A percolating coffee pot sounds a lot like a person dying of lung cancer trying to breathe. I made this analogy at age 8, sitting in my aunt Sally’s apartment in Springfield, Missouri, surrounded by depressed relatives. “What’s that bubbling sound? It sounds like Granny Anne.” I was just being honest. She died that night in the cold fluorescent hospital, holding my dad’s hand. What I didn’t know was that some of my soul would close as her breathing silenced. That her black silk head scarves and red cigarette lips would haunt me. Gin and tonics would drown me. Sounds dramatic, but Granny Anne’s death set off a chain of soul-closing events that drug me to the bottom, then in due course, forced me to swim to the top.
When my dad lost his mother, his soul closed some, too, maybe more than mine. He had a full-blown midlife crisis, but not the type where you buy a motorcycle and get a tattoo; his to-do list read: divorce, sell the record collection, drink a liter of gin, slice wrists with a razor blade, be found by teenage son two days later, survive, and within some cold winter months of waiting to hear from an overseas teaching company, move to Japan. In his losing his mother, I lost my father. I remember sitting balled up in my closet, refusing to come out for dinner. My brother crawled in with me and told me I couldn’t stay in the closet, that I had to come out. When I eventually emerged, I held tight to boys, booze, and any mind altering substance that would make me feel different than I really felt. Once my dad said his depression felt like he was trapped in a dark hole, and he couldn’t see to get out. I could relate. I can chart the timeline of 1993 to 2006 in strung-out boyfriend’s t-shirts, cigarette brands, foreign countries, and mixed drinks.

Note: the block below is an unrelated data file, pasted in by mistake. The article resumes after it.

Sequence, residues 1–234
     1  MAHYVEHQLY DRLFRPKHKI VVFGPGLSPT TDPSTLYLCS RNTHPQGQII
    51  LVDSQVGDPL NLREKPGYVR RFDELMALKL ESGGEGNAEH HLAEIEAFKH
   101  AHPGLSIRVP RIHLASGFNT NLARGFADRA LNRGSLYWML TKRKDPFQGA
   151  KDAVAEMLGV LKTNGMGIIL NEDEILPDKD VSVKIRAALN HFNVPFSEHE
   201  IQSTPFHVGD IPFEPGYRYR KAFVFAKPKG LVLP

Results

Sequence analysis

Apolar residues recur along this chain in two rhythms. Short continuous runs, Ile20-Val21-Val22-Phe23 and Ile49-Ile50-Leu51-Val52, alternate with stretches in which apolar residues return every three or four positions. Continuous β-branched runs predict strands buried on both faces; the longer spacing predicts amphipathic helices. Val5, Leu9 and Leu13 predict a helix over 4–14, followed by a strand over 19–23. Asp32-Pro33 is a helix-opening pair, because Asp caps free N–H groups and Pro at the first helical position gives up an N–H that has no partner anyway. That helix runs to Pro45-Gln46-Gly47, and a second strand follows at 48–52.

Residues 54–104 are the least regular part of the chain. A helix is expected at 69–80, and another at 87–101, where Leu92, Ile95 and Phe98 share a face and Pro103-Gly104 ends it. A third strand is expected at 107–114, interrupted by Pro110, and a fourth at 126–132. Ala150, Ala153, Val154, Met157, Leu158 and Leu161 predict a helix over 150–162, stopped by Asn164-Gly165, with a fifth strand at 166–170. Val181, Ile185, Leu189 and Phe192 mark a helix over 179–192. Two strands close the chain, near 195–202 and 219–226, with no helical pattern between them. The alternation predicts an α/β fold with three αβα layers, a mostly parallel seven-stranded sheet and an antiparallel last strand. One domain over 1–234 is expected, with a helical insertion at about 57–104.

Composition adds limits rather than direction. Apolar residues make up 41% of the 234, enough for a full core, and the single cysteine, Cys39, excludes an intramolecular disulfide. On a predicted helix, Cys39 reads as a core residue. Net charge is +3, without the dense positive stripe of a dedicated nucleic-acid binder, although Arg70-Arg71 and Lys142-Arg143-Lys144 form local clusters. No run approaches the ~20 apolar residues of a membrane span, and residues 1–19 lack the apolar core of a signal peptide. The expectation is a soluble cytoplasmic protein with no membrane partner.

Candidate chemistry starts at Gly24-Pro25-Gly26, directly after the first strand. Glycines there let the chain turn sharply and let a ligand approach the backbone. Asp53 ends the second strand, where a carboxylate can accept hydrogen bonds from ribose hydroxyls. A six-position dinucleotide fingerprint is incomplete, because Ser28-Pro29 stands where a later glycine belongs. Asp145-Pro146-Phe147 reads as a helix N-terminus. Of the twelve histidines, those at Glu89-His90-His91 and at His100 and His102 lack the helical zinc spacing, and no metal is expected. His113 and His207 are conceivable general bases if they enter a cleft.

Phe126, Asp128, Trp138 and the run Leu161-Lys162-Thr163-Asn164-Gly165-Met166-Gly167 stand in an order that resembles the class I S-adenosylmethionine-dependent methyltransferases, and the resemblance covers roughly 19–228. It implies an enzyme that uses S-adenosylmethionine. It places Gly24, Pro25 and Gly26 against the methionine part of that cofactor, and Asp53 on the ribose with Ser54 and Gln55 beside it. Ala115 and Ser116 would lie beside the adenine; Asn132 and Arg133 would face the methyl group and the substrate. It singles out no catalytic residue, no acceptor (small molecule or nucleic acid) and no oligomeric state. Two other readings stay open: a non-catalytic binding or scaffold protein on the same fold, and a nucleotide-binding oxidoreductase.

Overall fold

Fast-forward that mixed tape to this September morning in Arkansas, reversing the driveway in the Ozark mountain fog, Hakuna Matata blaring through Harman Kardon speakers, two small children playing “buddies” with the raindrops streaming down the backseat windows—each a dying friend: “NOOO, BUDDY, Don’t GOOOO!” Strands of twisted morning glory, shiny and invincible, wind up the mailbox trellis, choking the dying clematis. We pass the soon-to-be pumpkin patch at the Methodist church, tarps and pallets lain, painted photo props anxiously waiting. We turn right and wind down wooded Ash Street, as Hux rolls down her window to look for the “sleeping deers.” Three more stop lights to school and Kiki mentions that the poor puppy is still lost. The once vibrant color-copied Pomeranian has endured the cycle of rain and sun so many times it looks like a watercolor. Still, it hugs the telephone pole, epoxied with packing tape, offering a reward, hopeful but forgotten. Now parallel parked, Huxley and Keats will race to the doors of their preschool, want a picture with the statue, and fall into finger painting, sandbox digging, or water sensory play. It’s predictable and middle class. Then, I make my way to the high school, where fingerpainting is replaced with Time magazine, annotating the Juul epidemic, and Greta Thunberg’s chilling call to action.